Cartoon Network's late-night block Adult Swim has held a number of their own April Fools' programming stunts, such as a "television premiere" of Aqua Teen Hunger Force Colon Movie Film for Theaters before its theatrical release in a comically-small picture-in-picture display over regularly-scheduled programming, airings of the Tommy Wiseau film The Room, and an airing of its anime block Toonami with programs in their original Japanese audio with subtitles (including an airing of Masaaki Yuasa's 2004 experimental film Mind Game). The stunts have sometimes included unannounced previews and premieres of new and existing series, such as additional episodes of Perfect Hair Forever after its supposed series finale, the third season premiere of Rick and Morty, an unannounced world premiere of the first episode of FLCL's third season FLCL Alternative before its second season Progressive had even premiered in the U.S. yet, and various programs being "invaded" by the main characters of its animated short Learning with Pibby.
Nick Jr. Too, a sister to the British Nick Jr. channel, has occasionally aired long-term marathons of Peppa Pig, during which it has branded as "Nick Jr. Peppa". In a similar manner, Sky Sports has also temporarily rebranded some of its channels to devote them specifically to certain major events, such as The Ashes series in cricket (Sky Sports Ashes), the PDC World Darts Championship (Sky Sports Darts; in 2015, this used the Sky Sports F1 channel, since Formula One was in its off-season), and golf's Open Championship (Sky Sports The Open). In January 2019, Sky Sports Action was temporarily renamed "Sky Sports USA", with programming focusing on the National Basketball Association (coinciding with the playing of the NBA Global Games series in London), and the National Football League playoffs and Super Bowl LIII.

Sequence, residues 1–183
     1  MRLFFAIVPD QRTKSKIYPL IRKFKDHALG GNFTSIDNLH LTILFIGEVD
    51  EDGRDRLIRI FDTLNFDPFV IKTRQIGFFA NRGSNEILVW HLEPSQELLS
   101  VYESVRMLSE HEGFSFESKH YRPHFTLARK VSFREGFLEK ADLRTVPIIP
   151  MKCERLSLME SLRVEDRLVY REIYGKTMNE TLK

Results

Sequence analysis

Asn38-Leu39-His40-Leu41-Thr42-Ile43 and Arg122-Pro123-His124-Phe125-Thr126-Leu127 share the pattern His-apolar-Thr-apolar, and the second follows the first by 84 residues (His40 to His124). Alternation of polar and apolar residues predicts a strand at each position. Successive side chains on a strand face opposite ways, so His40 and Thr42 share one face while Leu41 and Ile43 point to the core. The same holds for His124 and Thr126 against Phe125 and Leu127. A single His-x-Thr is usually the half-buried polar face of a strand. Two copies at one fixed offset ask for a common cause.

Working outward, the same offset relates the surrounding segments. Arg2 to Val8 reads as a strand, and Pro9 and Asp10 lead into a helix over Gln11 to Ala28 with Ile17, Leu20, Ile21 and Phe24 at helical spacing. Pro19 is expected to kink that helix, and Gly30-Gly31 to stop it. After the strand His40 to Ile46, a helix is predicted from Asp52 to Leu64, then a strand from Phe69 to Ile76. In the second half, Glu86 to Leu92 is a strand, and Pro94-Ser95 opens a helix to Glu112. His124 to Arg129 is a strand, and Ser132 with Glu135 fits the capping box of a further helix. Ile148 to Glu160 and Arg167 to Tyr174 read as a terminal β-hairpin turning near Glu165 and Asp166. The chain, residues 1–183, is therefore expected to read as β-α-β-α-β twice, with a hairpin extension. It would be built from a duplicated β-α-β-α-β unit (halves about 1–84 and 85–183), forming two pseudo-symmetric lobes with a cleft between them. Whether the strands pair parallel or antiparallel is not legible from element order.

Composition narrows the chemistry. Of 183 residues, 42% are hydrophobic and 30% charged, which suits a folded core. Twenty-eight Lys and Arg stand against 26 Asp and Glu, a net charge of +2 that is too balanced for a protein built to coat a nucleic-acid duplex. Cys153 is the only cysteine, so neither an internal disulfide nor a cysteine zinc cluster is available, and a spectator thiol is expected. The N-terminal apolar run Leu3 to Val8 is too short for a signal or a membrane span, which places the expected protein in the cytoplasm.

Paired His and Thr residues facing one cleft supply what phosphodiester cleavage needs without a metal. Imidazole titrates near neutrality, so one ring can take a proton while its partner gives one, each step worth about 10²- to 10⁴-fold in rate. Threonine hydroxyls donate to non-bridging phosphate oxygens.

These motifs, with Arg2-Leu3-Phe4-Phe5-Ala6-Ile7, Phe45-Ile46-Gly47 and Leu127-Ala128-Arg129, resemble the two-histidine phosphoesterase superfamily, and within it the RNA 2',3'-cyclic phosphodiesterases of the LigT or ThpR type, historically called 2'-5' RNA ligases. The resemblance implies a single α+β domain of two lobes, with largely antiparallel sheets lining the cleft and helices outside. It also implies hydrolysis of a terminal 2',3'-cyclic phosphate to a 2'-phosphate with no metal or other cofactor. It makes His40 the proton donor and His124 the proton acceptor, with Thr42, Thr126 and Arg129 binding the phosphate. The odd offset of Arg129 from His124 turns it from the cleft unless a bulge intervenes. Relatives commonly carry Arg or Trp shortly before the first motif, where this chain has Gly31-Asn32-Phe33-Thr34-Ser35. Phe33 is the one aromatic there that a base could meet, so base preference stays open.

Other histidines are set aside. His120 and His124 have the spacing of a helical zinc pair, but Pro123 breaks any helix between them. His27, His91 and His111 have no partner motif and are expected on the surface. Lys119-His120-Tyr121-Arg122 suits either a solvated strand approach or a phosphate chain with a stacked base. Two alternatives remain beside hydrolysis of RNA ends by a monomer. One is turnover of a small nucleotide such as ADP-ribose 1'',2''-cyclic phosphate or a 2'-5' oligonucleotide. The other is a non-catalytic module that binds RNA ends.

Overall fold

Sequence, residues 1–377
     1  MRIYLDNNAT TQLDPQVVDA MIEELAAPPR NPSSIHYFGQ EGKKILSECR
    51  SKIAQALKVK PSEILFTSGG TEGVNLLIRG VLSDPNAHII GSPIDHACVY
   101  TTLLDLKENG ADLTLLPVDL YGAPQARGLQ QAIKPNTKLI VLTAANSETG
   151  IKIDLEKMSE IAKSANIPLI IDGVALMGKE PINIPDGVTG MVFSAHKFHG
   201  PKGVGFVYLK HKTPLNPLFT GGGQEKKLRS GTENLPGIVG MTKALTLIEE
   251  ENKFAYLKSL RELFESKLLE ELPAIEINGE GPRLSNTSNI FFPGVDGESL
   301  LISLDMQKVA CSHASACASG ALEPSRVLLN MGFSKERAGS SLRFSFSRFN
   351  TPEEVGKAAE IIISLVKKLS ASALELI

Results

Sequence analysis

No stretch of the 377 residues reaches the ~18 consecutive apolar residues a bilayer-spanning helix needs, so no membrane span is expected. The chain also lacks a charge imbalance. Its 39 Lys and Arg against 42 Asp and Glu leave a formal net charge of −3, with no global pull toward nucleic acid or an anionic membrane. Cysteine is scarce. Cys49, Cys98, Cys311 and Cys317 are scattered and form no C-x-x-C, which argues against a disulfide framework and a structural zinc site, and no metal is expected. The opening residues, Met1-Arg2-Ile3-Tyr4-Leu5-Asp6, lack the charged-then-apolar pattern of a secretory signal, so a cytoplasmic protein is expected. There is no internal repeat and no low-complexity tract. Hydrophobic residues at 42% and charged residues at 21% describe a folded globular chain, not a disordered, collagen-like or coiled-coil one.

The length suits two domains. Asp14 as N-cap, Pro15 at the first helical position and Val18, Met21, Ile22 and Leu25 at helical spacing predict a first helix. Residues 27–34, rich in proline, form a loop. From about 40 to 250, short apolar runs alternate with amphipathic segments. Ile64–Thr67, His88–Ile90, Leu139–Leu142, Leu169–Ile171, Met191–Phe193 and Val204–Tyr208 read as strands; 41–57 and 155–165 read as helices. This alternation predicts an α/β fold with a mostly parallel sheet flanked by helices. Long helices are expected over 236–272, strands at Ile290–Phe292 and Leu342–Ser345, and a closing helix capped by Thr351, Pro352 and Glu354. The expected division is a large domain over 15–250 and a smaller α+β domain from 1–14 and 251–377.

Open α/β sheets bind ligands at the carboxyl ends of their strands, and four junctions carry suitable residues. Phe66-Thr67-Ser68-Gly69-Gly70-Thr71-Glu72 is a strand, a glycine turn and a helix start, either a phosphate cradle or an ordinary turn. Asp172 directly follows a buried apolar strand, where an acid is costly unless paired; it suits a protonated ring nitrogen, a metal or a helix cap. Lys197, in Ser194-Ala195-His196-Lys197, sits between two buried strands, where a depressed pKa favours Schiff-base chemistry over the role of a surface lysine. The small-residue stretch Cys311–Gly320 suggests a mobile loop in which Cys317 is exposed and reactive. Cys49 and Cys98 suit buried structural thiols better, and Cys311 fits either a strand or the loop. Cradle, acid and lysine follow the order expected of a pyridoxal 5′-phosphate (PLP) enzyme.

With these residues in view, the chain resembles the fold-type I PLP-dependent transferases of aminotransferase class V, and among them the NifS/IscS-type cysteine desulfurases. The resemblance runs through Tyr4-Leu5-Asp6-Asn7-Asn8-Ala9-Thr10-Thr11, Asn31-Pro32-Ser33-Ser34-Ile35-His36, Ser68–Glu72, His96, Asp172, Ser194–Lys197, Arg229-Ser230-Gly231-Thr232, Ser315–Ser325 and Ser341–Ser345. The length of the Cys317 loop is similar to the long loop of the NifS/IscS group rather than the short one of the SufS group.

At least three networks have used stunting-type events prior to their formal launches: G4, for example, aired a 7 day long game of Pong before its formal debut on April 24, 2002. This stunt would later be referenced by the network in its final minute on air on December 31, 2014, as well as in the video announcing its 2021 return. MLB Network aired a continuous loop of baseball highlights and promos as a "soft launch" in the weeks before its formal debut on January 1, 2009. Canada's Sun News Network employed an on-screen countdown clock graphic in the hours before its April 18, 2011, launch.
Since 2017, one of ESPN's networks has stunted as "ESPN8" on or near August 8 (8/8), carrying a marathon of programming featuring obscure and unconventional sporting events and competitions, such as chess boxing, disc golf, dodgeball, esports, Highland games, kabaddi, lawn mower racing, mini-golf, and roller derby. The stunt pays tribute to a fictitious eighth ESPN network of the same name portrayed in the 2004 sports comedy film DodgeBall: A True Underdog Story (nicknamed "The Ocho", in reference to ESPN2 being nicknamed "The Deuce" on launch), which carries coverage of competitions that are "almost a sport". The stunt was originally held on ESPNU—a channel that normally carries college sports events during the academic year, but moved to ESPN2 beginning in 2018. DodgeBall has also been screened as part of this lineup since 2018.